With a population of about 8.5 million, Jakarta has become intensely crowded and increasingly mired in problems related to traffic congestion. Flyovers and underpasses have been built but they cannot keep up with increases in the size of the population and the number of vehicles on the roads.
Some people estimate that Jakarta’s population surges to some 11 million people during the day because people living in buffer towns come into the city to work. It is not difficult to imagine just how chaotic traffic in Jakarta is!
In addition to a busway system, the Jakarta administration also plans to introduce other means of mass transportation, such as a monorail and water transportation, to cope with the traffic congestion. People living in Depok, Tangerang and Bekasi will hopefully one day be able to travel into the city on an efficient and comfortable mass transportation system.
However, it is true that any mass transportation system for Jakarta is still all talk as of this point. Although the city administration expects an integrated transportation system to be realized by 2015, resident hope to be able to enjoy a modern and comfortable transportation system much sooner.
At present only the busway system has been introduced, but in its present state the system only serves one corridor, namely the Blok M-Kota route. It is hoped that the busway will be able to improve the appearance of the city and boost economic activity. The performance reliability of the busway system, better known internationally as Bus Rapid Transit (BRT), plus the effectiveness of the investment costs involved, have made this system the right choice for many developing countries, Indonesia included, in improving their public transportation systems.
Unfortunately, Jakarta has yet to meet all the prerequisites necessary for the success of this system. A highly partial project-style approach has led to misperceptions on the part of the public in viewing the concept of the busway system as the right way to reform Jakarta’s public transportation system.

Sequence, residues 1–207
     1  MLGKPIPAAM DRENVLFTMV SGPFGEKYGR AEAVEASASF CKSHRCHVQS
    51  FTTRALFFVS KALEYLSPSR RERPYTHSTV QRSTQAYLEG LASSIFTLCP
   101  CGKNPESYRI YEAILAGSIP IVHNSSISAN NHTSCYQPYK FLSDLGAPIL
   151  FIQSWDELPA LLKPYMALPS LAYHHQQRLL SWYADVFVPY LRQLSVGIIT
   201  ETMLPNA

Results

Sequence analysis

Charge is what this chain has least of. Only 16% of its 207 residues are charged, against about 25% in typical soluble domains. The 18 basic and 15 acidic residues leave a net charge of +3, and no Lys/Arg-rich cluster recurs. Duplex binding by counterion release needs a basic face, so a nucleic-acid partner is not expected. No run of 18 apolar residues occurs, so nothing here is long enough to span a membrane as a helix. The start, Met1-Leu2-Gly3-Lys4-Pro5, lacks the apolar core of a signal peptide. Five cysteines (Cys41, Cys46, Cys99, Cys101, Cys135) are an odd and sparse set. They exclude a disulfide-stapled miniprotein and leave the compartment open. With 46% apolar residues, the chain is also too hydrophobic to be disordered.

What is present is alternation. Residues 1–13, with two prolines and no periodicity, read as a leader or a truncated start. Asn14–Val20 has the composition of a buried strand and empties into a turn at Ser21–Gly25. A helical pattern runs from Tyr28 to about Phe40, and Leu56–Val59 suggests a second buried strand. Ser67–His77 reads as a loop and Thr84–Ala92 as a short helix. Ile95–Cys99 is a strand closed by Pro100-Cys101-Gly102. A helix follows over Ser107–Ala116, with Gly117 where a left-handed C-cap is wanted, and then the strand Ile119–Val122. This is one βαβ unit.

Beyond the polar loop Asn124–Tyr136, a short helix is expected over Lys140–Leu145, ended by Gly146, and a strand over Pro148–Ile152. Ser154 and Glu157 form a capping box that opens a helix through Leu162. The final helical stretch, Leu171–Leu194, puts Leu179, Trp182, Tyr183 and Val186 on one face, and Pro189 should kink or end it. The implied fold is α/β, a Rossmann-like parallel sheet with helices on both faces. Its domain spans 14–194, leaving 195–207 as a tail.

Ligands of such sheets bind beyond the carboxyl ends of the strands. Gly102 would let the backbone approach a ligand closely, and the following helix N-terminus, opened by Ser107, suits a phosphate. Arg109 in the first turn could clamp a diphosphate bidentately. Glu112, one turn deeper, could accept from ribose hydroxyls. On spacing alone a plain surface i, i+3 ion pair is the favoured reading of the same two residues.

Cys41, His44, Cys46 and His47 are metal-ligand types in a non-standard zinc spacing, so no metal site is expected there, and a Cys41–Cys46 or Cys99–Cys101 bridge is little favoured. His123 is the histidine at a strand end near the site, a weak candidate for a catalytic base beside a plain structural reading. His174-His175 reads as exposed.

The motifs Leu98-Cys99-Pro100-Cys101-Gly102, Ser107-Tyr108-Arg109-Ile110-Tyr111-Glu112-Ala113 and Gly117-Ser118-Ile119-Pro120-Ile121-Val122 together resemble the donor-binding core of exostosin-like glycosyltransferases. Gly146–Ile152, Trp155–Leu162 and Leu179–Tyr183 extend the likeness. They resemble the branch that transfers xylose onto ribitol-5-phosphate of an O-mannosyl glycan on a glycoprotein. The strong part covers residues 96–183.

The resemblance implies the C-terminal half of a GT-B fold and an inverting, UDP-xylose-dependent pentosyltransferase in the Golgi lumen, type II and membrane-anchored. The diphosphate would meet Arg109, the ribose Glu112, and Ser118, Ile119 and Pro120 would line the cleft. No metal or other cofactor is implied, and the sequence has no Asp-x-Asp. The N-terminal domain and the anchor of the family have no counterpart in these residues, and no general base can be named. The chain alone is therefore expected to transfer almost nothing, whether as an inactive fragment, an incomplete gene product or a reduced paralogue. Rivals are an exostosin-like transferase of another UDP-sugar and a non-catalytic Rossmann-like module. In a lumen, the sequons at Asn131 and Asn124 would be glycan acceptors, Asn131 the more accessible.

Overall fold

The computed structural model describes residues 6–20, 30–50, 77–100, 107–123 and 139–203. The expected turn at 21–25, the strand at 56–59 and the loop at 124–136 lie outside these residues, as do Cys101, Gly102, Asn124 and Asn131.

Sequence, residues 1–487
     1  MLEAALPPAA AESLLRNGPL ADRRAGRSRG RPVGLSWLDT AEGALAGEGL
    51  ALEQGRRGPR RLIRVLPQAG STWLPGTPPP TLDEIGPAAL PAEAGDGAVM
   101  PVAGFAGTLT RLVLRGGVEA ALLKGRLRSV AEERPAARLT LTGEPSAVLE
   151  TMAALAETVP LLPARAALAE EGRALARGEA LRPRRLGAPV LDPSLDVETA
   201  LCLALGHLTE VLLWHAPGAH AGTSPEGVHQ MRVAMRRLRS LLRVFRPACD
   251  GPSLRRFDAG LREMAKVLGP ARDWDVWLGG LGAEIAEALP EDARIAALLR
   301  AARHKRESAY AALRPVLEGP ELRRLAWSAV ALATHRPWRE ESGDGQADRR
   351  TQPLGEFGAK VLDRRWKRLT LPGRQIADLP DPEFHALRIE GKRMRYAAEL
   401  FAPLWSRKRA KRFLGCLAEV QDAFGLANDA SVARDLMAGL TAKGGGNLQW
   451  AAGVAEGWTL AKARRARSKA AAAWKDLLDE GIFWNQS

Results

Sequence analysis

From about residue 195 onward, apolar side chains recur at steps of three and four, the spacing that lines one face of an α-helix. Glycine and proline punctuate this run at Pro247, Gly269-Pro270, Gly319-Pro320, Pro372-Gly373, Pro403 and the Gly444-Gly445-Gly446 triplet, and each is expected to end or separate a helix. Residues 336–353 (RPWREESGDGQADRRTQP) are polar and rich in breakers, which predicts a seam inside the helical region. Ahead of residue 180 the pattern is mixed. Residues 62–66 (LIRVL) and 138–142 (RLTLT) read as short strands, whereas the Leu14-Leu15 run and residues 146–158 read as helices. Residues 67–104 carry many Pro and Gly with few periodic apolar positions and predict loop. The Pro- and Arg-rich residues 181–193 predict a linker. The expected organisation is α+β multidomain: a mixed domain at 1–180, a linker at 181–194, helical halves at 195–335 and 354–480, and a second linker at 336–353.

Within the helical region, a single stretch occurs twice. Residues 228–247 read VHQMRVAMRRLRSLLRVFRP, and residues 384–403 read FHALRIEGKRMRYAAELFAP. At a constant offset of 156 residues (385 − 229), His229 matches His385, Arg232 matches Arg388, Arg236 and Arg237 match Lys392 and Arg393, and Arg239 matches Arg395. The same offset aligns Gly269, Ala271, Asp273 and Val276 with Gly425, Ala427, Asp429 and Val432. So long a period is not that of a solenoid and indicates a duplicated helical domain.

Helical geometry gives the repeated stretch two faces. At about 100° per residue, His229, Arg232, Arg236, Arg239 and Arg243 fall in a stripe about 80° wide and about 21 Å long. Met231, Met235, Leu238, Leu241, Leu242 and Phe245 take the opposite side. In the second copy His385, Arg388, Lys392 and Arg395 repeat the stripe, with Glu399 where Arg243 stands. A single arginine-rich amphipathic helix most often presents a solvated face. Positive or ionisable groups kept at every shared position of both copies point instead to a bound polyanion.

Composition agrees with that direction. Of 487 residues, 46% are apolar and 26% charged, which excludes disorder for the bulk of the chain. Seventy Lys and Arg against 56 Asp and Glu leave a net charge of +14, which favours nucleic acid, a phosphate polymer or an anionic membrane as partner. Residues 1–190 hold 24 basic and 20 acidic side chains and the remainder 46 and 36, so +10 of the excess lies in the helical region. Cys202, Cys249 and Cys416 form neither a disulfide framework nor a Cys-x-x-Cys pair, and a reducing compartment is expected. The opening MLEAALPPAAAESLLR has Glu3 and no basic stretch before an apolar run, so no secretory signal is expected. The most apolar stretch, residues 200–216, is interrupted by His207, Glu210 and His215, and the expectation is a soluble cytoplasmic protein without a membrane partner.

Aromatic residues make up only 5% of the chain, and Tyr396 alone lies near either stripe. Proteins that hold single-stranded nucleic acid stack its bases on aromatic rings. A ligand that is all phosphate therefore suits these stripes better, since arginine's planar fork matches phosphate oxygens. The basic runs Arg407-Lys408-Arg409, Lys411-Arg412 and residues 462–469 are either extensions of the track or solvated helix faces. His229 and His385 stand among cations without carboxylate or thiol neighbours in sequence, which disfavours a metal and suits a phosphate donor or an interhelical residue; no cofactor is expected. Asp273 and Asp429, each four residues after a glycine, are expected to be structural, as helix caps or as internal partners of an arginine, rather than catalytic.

Meanwhile, the monorail as a rapid transportation alternative for heavily congested Jakarta is, at best, just a topic of discussion, with still no real signs that construction has begun on such a system. The government adopted the idea of a monorail system from Malaysia. Actually, the system under discussion here is more suitably called a monotrack because it uses a single track, unlike the railway line used by state railway company PT Kereta Api.
According to Sukmawaty Syukur, director of Indonesia Transit Central (ITC), the company that holds the concession for the construction of the monorail, there will be three primary routes for the monorail system in Jakarta. These will be the 70 kilometer-long East-West corridor (Cikarang-Bekasi-Jakarta-Tangerang), the 25 kilometer-long North-South corridor (Bintaro -Blok M-Kota) and the 20 kilometer-long Jakarta CBD corridor (Golden Triangle-Manggarai). If the monorail does come to operate along these three corridors, traffic congestion in Jakarta would be much reduced, if not removed entirely.
However, ITC, as the partner of Malaysia’s Mtrans, has put forward only plans for the first-stage of monorail construction, namely the track along the 22.5 kilometers from Bekasi to Mega Kuningan. If this plan gains approval, the second stage will involve the Jakarta-Tangerang route and the Bekasi-Cikarang route.
The monorail is a modern and traffic-congestion-free urban transportation system. It is cheaper than a light-rail transit (LRT) system, which requires heavy-duty construction. In addition, the monorail would only require 2.5 years to build while an LRT would certainly take more time. “The monorail is the best option for a city like Jakarta,” Sukmawaty said.